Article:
Pep Boys auto parts chain agrees to sell itself to Gores Group
A Los Angeles private equity firm wants to drive off with Manny, Moe and Jack.
Pep Boys, the iconic auto parts retailer that is synonymous with California’s car culture, said Monday that it has agreed to sell itself to Los Angeles-based Gores Group in a deal worth nearly $800 million.
Gores Group is paying $15 a share, a 24% premium over Pep Boys’ closing price of $12.08 on Friday. The stock jumped $2.85 on Monday to $14.93.
The deal has a provision in which Pep Boys can solicit higher bids until mid-March.
Pep Boys’ management team will stay in place and Gores intends to expand the company, said Ryan Wald, managing director of mergers and acquisitions at Gores Group. The firm does not anticipate closing any of Pep Boys’ 729 stores or laying off any of its roughly 19,000 employees, he said.
Pep Boys has about 100 locations in Southern California, most clustered in and around Los Angeles and Orange counties.
Founded by Alec Gores in 1987, Gores Group has acquired and operated more than 80 companies since its inception. Gores is the brother of Tom Gores, who runs a separate private equity firm, Platinum Equity in Beverly Hills.
“We’ve been keeping an eye on [Pep Boys] for quite some time and watching what this management team has been doing,” Wald said. “And what they have done is accomplish a good turnaround. We believe they’ve turned the corner and are primed for some real growth.”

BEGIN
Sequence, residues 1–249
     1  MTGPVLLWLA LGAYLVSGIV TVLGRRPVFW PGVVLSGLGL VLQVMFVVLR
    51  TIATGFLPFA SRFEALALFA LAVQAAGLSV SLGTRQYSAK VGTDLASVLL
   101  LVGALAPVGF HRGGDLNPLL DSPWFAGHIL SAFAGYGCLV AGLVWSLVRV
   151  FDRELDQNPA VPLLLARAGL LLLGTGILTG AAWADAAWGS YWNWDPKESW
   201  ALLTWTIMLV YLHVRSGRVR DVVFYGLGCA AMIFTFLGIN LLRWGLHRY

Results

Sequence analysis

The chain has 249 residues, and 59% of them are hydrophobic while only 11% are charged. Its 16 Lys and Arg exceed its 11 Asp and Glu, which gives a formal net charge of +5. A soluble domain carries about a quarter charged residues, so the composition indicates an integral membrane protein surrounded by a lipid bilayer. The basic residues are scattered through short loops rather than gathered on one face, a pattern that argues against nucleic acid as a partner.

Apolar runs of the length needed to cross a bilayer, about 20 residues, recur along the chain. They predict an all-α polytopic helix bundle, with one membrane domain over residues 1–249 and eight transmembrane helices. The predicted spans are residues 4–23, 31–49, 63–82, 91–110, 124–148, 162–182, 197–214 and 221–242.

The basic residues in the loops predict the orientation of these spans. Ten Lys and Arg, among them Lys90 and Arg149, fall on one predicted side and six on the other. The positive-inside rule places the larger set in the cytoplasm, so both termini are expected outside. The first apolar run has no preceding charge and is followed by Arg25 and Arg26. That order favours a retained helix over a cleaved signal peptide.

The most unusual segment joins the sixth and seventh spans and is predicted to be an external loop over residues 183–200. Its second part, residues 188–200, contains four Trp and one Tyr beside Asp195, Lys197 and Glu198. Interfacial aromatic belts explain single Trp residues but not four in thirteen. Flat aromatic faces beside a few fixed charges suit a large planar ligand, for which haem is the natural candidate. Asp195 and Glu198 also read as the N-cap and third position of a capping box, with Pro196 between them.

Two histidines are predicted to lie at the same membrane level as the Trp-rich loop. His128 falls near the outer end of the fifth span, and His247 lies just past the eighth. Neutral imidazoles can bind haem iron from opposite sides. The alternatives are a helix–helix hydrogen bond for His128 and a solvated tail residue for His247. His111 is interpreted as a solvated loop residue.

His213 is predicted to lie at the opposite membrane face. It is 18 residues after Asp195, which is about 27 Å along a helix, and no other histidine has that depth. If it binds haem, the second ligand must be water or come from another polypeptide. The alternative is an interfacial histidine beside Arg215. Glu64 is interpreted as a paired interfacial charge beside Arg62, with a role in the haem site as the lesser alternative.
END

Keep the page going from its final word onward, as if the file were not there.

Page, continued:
The 91-year-old company is famous for its long history in California and its distinctive name: The full moniker is the Pep Boys — Manny, Moe & Jack. But it has struggled for years in a tough industry with a lot of competition.
Pep Boys’ shares topped $37 in 1996 but sank to less than $3 in 2009. The company lost money for four straight years before returning to profitability in early 2010.
Pep Boys’ woes stand in sharp contrast to the generally favorable environment for the auto parts and servicing industry in recent years. New-car sales fell sharply during the recession as cash-strapped consumers fixed up their old vehicles rather than splurge on new ones, a development that boosted the fortunes of rivals such as AutoZone Inc., Advance Auto Parts Inc. and O’Reilly Automotive Inc.
But Pep Boys shares have lagged behind those of rivals for at least a dozen years and its operating profit margin is “significantly behind,” said Cid Wilson, an analyst at Cabrera Capital Markets in New York. Pep Boys has been looking for a buyer for at least seven years, he said.
“This is a company that has had many challenges going back many years,” Wilson said. “It’s a company that is going to take a significant amount of time to turn itself around.”
Part of its problem, Wilson said, is that Pep Boys has both retail and service operations, very different businesses that can be difficult to manage. Almost all its competitors focus on one business or the other.
Pep Boys has a rich history, starting with the etymology of the company name.
Four friends — Emanuel (Manny) Rosenfeld, Maurice (Moe) Strauss, Moe Radavitz and Graham (Jack) Jackson — chipped in $200 each to open an auto supply store in Philadelphia, where the company is still based. Radavitz left after a few years.
The first half of the name came from a case of Pep Valve Grinding Compound, according to the company. The “Boys” tag came from a policeman who ticketed Philadelphia motorists for equipment violations and advised the drivers to go “see the boys” at Pep for new parts.
The owners’ names were added after Strauss traveled to California in 1923 and noticed that other businesses adopted their founders’ first names.
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